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telehealth, best practice, health care inequality

It’s no secret that the COVID-19 pandemic has increased the reliance on telehealth. Physicians and medical systems valiantly adapted to the technology to help Americans get care without risking COVID-19 exposure, and the already booming sector got a shot of steroids.

The rise in telehealth utilization is driven by improved access, decreased cost, and convenience, and many studies have demonstrated that patients using telehealth are generally very satisfied and willing to use the services again. (R I Med J. 2013;103[1]:35; https://bit.ly/3aLgd7A). The direct-to-consumer sector, currently the most popular form of telehealth in the United States, has seen a meteoric rise in demand. Teladoc, one of the largest direct-to-consumer telehealth companies, recently reported visits at nearly 10.6 million for 2020. The company had 575,000 visits in 2015, a five-year growth rate of about 1800 percent, and year-over-year revenue grew 98 percent. Teladoc projects 2021 revenue to be $1.95 billion to $2.0 billion. (Teladoc. Feb. 24, 2021; https://bit.ly/3eAEXAr.)

Consumers have become accustomed to using telehealth, and it was only a matter of time before they expected technology to decrease lines and wait times for medical visits, just as it has in every other industry. Even in the ED, where there are no appointments, patients and hospital administrators expect care and dispositions to be quicker than ever. Telehealth is here to stay, so how do we shape it to make sure it works for the American public?

Many people assume that telehealth is being used to increase access to care, especially for rural and underserved communities, but nothing could be further from the truth. It seems to be adding to our existing health care inequalities instead of fixing them. Studies have shown that older patients, non-English-speaking patients, women, Black, Latinx, and low-income patients (median household income below $50,000) are using telehealth at lower rates. Limited access to reliable internet, inability to access a connected device, and lack of reliable cellphone data plans are barriers for these populations. (JAMA Netw Open. 2020;3[12]:e2031640; https://bit.ly/2PrRcH3.) But I believe that the telehealth providers’ business models are also at fault.

Advances in technology bring opportunity. It seems, however, that we have attempted to adapt the technology to our conventional medical system instead of using it as an opportunity to improve the status quo for marginalized members of society. Telehealth technologies can be purposefully designed to decrease overhead significantly by automating administrative tasks. This creates an opportunity to pass the savings on to the consumer while still creating a profitable business model.

Driving down the prices to make telehealth accessible for self-pay patients can increase access to care for those failed by the conventional medical system. Removing insurers from the equation can further decrease the administrative burden and therefore the overhead costs while also reducing the cost of care to the medical system. Cost containment without rationing or limiting care? Sounds like a win to me.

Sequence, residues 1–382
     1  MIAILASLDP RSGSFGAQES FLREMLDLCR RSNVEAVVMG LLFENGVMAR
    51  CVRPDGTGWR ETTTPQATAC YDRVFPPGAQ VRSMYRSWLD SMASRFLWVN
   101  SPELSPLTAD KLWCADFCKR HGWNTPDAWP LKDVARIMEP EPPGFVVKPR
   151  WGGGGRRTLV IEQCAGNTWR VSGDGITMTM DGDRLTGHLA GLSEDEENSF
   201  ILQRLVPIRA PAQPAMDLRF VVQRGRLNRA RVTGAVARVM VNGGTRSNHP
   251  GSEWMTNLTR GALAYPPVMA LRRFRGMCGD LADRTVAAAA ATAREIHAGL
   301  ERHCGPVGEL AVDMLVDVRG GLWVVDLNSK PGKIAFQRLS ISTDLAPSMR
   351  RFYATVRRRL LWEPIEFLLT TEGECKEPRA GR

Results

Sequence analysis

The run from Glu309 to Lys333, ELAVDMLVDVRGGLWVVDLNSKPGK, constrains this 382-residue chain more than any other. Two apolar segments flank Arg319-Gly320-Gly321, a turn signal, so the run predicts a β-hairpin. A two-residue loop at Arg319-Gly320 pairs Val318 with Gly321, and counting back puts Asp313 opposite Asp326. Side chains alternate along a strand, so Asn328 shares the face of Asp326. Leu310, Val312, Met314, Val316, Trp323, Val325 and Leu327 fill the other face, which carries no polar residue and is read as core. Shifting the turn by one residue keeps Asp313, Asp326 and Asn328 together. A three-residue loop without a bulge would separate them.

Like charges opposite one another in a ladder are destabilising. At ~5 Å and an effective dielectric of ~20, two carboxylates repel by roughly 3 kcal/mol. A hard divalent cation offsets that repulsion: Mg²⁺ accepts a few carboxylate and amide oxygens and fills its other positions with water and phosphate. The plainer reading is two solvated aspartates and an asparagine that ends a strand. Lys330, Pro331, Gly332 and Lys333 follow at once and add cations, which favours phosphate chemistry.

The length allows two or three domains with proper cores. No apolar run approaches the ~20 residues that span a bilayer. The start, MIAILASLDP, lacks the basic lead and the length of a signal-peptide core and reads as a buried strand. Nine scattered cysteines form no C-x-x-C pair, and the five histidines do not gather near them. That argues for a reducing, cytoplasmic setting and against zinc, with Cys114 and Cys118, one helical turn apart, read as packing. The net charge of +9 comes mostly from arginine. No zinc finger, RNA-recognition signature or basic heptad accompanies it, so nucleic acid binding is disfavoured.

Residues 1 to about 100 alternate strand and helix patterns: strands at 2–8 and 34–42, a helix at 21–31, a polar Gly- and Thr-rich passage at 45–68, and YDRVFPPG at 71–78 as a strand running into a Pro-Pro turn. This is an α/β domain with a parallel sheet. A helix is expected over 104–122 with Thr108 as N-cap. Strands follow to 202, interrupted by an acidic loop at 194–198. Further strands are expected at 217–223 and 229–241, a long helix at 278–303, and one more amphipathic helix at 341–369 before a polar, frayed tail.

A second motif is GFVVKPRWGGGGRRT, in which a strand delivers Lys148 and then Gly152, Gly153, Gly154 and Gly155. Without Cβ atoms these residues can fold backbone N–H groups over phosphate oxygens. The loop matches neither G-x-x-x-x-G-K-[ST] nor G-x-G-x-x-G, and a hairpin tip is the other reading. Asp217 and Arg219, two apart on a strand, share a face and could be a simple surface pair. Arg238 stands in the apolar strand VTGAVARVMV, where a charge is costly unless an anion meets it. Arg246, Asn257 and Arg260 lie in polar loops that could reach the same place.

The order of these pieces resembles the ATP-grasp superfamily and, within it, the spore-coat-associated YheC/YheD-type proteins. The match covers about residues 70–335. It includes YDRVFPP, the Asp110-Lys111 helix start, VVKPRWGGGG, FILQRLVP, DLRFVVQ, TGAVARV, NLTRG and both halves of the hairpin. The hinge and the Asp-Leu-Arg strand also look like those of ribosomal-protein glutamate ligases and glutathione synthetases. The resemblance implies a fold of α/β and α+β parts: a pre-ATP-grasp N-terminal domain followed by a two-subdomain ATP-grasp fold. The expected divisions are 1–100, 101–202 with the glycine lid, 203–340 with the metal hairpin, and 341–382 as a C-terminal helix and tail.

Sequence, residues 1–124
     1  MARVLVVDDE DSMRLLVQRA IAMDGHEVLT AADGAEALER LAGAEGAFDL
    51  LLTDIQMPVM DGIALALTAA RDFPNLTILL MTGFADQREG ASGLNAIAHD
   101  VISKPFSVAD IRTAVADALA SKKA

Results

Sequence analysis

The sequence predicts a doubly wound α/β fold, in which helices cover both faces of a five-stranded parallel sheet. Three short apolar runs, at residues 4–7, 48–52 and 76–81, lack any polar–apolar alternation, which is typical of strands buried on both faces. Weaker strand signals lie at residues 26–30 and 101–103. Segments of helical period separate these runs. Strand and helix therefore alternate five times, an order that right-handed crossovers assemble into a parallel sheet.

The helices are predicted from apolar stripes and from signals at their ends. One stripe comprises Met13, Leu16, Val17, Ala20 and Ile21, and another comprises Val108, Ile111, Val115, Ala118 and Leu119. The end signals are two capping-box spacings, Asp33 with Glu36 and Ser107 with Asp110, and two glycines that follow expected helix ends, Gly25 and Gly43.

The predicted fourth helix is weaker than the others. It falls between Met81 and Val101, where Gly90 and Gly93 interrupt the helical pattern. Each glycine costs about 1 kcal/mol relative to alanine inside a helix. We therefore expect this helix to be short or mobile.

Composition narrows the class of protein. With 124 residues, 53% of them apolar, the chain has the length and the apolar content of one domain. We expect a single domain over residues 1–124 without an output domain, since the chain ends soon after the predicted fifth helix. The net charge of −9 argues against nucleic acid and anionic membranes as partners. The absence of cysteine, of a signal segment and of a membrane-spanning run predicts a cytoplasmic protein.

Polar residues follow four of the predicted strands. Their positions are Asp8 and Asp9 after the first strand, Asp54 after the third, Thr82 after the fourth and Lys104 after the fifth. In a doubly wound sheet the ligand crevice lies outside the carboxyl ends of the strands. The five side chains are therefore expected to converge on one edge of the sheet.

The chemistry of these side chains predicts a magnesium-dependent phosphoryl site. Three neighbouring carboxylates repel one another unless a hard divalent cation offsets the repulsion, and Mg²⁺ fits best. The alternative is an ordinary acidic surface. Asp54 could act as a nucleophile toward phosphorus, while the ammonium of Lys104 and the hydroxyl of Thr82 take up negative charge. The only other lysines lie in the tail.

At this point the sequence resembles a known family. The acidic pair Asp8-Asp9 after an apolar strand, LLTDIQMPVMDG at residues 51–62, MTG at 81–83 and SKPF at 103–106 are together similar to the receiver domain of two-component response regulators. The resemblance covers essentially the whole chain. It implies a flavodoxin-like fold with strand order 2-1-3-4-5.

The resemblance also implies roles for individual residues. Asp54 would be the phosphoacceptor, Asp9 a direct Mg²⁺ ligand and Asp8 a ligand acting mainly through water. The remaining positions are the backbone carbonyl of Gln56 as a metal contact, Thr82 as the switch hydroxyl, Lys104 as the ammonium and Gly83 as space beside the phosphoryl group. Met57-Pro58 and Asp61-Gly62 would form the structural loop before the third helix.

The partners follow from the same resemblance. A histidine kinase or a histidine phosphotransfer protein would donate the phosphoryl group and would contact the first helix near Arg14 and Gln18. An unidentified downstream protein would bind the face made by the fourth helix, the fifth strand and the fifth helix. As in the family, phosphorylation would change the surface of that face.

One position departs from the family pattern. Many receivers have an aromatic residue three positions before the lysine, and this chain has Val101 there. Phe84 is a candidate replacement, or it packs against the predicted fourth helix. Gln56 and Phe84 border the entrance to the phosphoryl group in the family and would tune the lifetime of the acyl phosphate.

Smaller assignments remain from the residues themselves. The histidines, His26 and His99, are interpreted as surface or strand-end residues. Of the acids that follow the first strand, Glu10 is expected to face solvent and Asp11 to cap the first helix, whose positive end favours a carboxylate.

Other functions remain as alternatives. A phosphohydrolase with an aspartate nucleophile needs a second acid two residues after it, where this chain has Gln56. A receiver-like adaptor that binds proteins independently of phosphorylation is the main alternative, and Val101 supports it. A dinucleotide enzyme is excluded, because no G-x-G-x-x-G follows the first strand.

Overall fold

Unfortunately, most of the larger telehealth companies are publicly traded or founded by venture capitalists looking to enter an emerging market. These companies are designed to be as financially efficient as possible, and access to care and quality of care seem to be an afterthought. Sound familiar?

At their worst, some of these companies have practices that are completely unethical and create barriers to care that risk alienating the populations that could stand to benefit the most from telehealth. Many offer low-cost medical services, for example, but then force the patient to use their pharmacy and refuse to send a prescription to an alternative pharmacy. If that company’s pharmacy does not take the patient’s insurance, the patient is forced to pay out of pocket for the medication or pay to see another provider.

Other telehealth providers take it a step further and force the patient to pay an annual subscription for their prescription. A patient who stops taking a medication still must pay for it until the contract is over. Many telehealth providers also do not offer an option where a patient can speak to a provider, and the interaction is solely via questionnaire and secure text messaging.

Physicians need to be at the forefront of telehealth to fix these issues. We need to make sure that we work to create telehealth options that offer a quality of care similar to conventional medical practices while using the technology’s efficiencies to rethink the business of telehealth.

If we do not take the reins, the health care system’s consolidated corporate mentality will continue to spill over and shape telehealth’s future, and we will have missed an enormous opportunity to fix some of the problems that plague our health care system. What we need are ethical physician-led telehealth companies with business models that allow the uninsured and underinsured access to care. Who’s with me?

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Dr. Bustinis an emergency physician at Tallahassee Memorial Healthcare and is a founder and the chief medical officer of OvaryIt, a telehealth company determined to get women access to contraceptives.